In all, my bicycle voyage netted me 14 new birds for the motorless list, including 3 county and 1 life bird. But the birds weren’t done. Once I got home, Jaime, Walter and I were preparing to go for a walk when a small hawk came swooping in over our heads and disappeared into the trees in our back yard. Its squeaky dog toy vocalizations told me right away that this was the Sharp-Shinned Hawk I tried to imagine last week. Good for a new tick on the motorless and also the yard list. Then, once we got back and I was hanging blinds in the to-be new baby’s bedroom, I heard the unmistakable trilling of Sandhill Cranes. I ran outside just in time to see one huge wave flying over the house.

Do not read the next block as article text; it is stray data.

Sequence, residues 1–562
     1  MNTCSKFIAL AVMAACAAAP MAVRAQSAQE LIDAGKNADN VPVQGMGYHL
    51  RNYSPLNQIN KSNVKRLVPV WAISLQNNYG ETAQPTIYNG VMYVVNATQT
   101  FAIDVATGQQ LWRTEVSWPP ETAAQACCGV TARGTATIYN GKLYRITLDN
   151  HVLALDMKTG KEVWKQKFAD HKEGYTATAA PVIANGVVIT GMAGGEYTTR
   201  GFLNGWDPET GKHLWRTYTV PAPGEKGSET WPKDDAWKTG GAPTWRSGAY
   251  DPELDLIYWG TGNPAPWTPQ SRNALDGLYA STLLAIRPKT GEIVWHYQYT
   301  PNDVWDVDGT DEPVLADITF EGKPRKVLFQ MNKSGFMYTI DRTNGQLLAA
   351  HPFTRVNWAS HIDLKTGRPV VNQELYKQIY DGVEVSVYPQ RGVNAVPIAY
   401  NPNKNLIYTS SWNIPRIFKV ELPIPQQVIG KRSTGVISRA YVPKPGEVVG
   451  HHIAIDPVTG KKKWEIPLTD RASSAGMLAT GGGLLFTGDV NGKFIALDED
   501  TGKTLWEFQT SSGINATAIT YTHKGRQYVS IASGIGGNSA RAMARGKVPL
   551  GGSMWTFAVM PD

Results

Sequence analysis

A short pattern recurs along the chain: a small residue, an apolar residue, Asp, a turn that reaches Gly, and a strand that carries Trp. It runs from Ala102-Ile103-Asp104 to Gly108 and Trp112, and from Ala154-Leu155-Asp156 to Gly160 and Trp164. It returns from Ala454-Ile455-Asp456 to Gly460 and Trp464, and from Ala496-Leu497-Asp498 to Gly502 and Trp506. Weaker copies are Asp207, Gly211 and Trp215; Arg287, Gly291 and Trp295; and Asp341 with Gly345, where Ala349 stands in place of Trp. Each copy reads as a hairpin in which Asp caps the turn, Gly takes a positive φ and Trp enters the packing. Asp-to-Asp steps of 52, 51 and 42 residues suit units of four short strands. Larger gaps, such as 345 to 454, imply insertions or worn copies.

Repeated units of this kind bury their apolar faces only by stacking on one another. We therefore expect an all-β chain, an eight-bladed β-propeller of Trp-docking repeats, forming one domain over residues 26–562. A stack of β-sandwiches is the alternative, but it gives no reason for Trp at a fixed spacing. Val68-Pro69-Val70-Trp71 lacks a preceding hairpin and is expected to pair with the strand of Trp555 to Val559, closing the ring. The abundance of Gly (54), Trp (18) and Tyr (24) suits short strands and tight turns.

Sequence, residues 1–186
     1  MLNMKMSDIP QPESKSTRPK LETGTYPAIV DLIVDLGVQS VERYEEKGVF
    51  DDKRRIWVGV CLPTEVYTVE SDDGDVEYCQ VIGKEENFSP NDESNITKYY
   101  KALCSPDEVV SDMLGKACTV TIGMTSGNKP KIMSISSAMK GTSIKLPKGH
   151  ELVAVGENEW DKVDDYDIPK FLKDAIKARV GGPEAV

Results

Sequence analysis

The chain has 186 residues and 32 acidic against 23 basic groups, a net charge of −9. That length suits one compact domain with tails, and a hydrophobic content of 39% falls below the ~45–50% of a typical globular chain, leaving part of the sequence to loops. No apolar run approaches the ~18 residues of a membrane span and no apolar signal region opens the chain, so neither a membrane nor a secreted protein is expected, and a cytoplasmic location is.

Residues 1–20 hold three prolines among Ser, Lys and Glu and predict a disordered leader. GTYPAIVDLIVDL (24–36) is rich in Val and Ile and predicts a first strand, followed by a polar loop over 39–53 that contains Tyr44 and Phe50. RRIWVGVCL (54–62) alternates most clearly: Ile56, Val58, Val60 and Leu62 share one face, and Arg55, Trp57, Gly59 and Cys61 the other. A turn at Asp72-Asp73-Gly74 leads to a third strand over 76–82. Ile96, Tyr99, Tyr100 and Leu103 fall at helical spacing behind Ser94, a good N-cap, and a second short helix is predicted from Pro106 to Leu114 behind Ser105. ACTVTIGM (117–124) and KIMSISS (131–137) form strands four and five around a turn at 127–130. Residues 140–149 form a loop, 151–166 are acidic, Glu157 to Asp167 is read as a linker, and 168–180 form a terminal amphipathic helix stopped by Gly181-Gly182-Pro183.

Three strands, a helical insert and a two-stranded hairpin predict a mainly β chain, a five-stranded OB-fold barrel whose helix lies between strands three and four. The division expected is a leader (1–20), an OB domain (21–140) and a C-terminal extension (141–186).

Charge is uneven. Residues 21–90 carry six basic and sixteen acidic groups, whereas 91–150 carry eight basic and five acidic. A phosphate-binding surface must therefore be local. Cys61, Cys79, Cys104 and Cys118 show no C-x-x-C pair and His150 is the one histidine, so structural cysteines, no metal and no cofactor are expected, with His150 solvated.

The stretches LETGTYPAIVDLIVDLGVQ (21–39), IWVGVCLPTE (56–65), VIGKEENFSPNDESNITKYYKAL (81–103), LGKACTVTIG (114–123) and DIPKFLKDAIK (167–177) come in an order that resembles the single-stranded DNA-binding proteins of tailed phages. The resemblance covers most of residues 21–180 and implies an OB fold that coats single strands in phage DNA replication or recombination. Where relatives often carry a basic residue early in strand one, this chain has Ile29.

The moral of the story is that patience pays off. I have felt like a hermit for the last several months, but one good outing today gave me more than I was hoping for. After becoming somewhat pessimistic about my prospects to see 100 birds without a car this year, I am suddenly right back in it.


It’s spring around the blogosphere, and you can tell because all of the Midwestern birders are leaping up in the air, clicking their heels, and whooping for joy at the prospect of the first neotropic migrants of the year: Eastern Phoebe, Hermit Thrush, Yellow-Rumped Warbler, and many other great birds, none of which I have actually seen yet this year.